Well, a few weeks have passed since my last past.
We finished up the road and last post we had scrapped back the house footprint. I feel like we haven't come that far since then, but in reality we probably have actually now that I look at the pictures.
Once we had scrapped back the top and subsoil we got the levels down to where I thought we should be. The house was meant to have FFL of 138.5m (referenced to sea level of course!) but I increased the height by 0.75m. It was just too low in the ground for the plot and the driveway would have ended up higher and now seems to be in the right place.
So first full week at it, I was basically running around organising things as you do. I gave Jewson about zero notice of all the stuff I wanted. They gave me good list prices, 90% off with my self build credit account. I tested these on the internet and a few others merchants and they were decent. They delivered the mesh and underground drainage pipes, mesh castles, visqueen etc all in quick time which was good. I also took delivery of my container - which was much required and has been a god send to store everything.
On the first day when I was out, the groundworkers were scrapping back to ground bearing soil, but found a soft patch at one end - instinctively they dug another 500mm deeper to get hard ground. Then called me to say we had an issue. They felt it was quite soft, I turned up - had a look it seemed softish but not overly. However I have no experience - fortunately I called the SE and he came straught by to have a look ...wasn't an issue and he told us to continue. Phew.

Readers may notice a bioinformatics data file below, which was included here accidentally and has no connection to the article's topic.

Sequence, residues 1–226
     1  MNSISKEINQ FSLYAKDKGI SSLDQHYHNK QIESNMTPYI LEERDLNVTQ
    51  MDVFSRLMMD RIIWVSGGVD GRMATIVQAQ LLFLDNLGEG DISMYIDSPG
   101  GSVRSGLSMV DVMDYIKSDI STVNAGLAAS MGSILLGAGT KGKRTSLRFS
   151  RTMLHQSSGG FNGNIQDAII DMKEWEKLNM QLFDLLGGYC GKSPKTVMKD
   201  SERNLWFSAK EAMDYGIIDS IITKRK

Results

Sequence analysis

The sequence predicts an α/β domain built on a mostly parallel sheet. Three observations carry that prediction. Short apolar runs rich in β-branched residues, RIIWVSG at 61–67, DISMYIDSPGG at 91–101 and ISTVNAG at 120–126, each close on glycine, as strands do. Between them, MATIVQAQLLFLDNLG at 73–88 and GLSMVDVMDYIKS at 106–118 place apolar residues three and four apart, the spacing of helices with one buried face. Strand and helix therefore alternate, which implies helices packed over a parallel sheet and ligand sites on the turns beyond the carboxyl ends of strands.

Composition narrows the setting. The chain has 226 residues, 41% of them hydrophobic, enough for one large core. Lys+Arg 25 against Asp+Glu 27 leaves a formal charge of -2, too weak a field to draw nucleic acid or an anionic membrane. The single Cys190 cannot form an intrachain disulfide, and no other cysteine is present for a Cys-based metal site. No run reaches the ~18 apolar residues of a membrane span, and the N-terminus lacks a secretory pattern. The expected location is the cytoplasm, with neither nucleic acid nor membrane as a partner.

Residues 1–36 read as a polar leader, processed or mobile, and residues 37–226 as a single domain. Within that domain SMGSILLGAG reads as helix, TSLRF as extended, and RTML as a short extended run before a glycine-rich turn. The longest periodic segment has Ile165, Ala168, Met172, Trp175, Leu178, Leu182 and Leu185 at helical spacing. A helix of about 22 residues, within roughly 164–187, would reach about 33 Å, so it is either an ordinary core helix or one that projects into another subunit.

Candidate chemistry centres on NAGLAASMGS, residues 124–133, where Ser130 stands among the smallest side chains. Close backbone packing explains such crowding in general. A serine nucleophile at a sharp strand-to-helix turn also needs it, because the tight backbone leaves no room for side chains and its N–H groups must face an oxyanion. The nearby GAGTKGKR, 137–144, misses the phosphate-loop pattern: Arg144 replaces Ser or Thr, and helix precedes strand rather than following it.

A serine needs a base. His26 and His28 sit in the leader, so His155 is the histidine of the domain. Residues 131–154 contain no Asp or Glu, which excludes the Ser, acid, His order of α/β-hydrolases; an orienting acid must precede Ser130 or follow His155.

I'd ordered type 1 for the sub base. I did price both type 1 and type 3, but there was quite a difference of 3-4 per tonne. I needed 120 Tonne (turns out actually 250 in the end). I checked with Tanners who had stated Type 3, but they said if it was a struggle type 1 would be fine. Plus I checked with a local guy who does passive foundations and he said they just use that so all ok.
We continued the scrape down, then we laid a geotextile and covered with the type 1. What was immediately apparent was how wet it was, that extra dug down section filled with water quickly to form a lovely swimming pool. From here we tried to stone up a little more, but stopped due to rain. Then the guys decided we needed to get that land drain in to dry it up.
I have used twinwall perforated pipe to do the land drain (under the guidance of my groundworkers) then added Tees wherever downpipes are going to be. This saves costs as then you're not digging another pipe above it later on. You can just roll the tees up and drop the downpipes into it. I discharge directly into a burn too so makes sense. I helped with the drains and we used the laser the set the fall ( @LA3222 ) I know why you like it so much, great tool and makes it dead easy. I did nearly make a schoolboy error and lift the full pipe up in the pea gravel...before the groundworker stopped me
Once we had the drains in this has helped no end with getting the water out, and allowed us to continue a little more.